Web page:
Articles | Volume 8, issue 1
SOIL, 8, 391–408, 2022
https://doi.org/10.5194/soil-8-391-2022
SOIL, 8, 391–408, 2022
https://doi.org/10.5194/soil-8-391-2022
Original research article
31 May 2022
Original research article | 31 May 2022

The effect of tillage depth and traffic management on soil properties and root development during two growth stages of winter wheat (Triticum aestivum L.)

David Hobson et al.

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Interactive discussion

Status: closed

Comment types: AC – author | RC – referee | CC – community | EC – editor | CEC – chief editor | : Report abuse
  • RC1: 'Comment on soil-2021-129', Anonymous Referee #1, 18 Dec 2021
    • AC1: 'Reply on RC1', David Hobson, 28 Mar 2022
    • AC3: 'Reply on RC1', David Hobson, 30 Mar 2022
  • RC2: 'Comment on soil-2021-129', Anonymous Referee #2, 01 Feb 2022
    • AC2: 'Comment on soil-2021-129', David Hobson, 28 Mar 2022
  • AC2: 'Comment on soil-2021-129', David Hobson, 28 Mar 2022

Peer review completion

AR: Author's response | RR: Referee report | ED: Editor decision
ED: Publish subject to minor revisions (review by editor) (08 Apr 2022) by Engracia Madejón Rodríguez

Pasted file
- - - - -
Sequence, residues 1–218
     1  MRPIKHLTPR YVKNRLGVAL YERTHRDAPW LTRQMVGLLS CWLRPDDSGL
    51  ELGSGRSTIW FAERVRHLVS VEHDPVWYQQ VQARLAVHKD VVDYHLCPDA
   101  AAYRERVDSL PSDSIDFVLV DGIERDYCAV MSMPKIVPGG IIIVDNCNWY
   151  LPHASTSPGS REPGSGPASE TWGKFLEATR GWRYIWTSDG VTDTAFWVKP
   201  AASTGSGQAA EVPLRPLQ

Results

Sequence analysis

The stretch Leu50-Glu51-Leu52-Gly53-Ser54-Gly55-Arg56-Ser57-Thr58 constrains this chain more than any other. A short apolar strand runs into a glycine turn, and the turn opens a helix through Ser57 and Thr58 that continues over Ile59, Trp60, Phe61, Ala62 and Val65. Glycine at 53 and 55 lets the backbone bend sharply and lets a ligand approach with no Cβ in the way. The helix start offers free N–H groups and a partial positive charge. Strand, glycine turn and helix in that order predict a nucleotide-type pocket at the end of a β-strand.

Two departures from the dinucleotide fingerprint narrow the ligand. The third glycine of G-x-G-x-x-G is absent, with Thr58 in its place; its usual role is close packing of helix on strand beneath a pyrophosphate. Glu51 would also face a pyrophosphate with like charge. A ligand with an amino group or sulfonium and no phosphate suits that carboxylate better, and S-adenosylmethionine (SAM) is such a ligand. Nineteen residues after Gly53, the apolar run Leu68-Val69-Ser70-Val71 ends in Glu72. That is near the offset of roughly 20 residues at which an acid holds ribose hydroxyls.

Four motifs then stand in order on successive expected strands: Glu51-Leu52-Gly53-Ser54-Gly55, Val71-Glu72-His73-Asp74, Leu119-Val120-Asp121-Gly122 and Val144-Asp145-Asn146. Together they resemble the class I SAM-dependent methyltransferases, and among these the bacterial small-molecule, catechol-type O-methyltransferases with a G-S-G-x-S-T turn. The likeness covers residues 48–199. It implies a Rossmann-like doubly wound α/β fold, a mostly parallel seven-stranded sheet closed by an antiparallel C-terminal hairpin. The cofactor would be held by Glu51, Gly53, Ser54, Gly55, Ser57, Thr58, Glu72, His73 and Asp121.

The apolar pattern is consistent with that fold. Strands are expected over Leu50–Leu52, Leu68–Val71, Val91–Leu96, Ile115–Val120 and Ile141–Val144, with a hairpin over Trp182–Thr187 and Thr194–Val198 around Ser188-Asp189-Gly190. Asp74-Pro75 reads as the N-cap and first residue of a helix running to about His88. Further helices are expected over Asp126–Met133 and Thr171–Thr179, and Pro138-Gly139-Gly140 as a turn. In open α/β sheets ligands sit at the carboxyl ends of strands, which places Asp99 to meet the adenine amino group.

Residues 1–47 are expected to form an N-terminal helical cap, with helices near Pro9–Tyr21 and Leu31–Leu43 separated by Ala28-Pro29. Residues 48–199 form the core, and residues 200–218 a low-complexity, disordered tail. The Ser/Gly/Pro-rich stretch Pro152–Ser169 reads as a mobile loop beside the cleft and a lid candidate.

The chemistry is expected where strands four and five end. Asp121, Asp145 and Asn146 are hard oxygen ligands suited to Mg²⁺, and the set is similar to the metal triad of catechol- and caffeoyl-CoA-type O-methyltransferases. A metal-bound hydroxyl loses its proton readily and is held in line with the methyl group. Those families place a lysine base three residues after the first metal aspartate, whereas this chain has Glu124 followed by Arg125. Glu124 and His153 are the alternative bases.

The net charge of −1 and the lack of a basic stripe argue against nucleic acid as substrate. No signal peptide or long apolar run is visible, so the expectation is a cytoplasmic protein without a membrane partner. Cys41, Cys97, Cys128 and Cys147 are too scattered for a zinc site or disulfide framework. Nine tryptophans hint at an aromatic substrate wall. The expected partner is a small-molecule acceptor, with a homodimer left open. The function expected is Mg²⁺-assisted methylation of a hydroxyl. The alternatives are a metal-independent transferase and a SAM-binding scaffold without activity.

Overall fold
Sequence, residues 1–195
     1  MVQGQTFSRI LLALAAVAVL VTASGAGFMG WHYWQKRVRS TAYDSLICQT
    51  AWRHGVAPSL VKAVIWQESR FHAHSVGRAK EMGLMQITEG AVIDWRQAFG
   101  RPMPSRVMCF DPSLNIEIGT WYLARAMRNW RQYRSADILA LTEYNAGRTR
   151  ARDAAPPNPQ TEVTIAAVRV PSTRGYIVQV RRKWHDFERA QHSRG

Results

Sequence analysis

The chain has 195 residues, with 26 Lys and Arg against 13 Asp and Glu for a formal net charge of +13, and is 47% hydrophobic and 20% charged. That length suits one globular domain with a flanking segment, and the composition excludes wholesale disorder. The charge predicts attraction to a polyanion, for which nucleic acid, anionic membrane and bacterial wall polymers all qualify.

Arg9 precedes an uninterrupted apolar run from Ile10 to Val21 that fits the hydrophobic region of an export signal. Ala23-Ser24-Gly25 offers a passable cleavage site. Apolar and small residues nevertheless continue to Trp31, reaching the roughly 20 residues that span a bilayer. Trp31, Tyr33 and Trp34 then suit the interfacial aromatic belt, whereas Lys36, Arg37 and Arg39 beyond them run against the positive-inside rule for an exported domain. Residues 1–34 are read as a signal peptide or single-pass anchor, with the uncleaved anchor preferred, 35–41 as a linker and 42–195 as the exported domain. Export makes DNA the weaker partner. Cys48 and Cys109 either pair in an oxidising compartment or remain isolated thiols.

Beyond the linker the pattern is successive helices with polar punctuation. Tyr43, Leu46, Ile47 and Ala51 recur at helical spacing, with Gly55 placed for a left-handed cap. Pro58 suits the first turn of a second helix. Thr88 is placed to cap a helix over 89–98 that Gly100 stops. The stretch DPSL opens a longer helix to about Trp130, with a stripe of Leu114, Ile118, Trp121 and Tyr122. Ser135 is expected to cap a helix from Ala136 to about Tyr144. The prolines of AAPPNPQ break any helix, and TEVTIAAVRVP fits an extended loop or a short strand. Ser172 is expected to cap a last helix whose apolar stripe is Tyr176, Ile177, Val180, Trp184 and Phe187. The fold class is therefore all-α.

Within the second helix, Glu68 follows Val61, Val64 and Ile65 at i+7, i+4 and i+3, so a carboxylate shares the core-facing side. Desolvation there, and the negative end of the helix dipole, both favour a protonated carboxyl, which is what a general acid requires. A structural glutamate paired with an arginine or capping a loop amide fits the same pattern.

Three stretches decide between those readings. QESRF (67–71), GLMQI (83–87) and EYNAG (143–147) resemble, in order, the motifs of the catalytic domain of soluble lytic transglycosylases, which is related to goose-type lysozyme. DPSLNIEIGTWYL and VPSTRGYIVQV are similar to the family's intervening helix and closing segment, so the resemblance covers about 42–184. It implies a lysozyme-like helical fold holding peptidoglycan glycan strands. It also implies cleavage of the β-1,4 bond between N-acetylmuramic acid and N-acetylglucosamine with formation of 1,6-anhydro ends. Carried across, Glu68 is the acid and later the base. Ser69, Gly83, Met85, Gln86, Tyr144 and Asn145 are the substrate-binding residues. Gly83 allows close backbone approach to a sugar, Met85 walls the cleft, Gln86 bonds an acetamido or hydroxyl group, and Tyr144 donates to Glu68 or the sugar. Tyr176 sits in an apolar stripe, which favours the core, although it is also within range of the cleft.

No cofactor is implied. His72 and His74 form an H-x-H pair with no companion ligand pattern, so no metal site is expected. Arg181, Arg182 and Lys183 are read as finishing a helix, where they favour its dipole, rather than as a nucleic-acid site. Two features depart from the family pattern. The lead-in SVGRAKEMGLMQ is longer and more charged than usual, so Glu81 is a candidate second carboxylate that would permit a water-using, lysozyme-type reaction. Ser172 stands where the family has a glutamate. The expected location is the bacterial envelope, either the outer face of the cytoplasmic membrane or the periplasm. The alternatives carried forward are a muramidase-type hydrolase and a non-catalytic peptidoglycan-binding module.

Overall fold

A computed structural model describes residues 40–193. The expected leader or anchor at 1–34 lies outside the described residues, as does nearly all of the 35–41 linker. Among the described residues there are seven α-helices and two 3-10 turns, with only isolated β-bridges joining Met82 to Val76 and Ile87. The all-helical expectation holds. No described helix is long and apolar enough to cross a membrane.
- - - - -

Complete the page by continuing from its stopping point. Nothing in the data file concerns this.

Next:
AR by David Hobson on behalf of the Authors (19 Apr 2022)  Author's response
ED: Publish as is (29 Apr 2022) by Engracia Madejón Rodríguez
ED: Publish as is (29 Apr 2022) by Engracia Madejón Rodríguez(Executive Editor)
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Short summary
Tillage practices and traffic management have significant implications for root architecture, plant growth, and, ultimately, crop yield. Soil cores were extracted from a long-term tillage trial to measure the relationship between soil physical properties and root growth. We found that no-traffic and low-tyre-pressure methods significantly increased rooting properties and crop yield under zero-tillage conditions compared to conventionally managed deep-tillage treatments with high tyre pressures.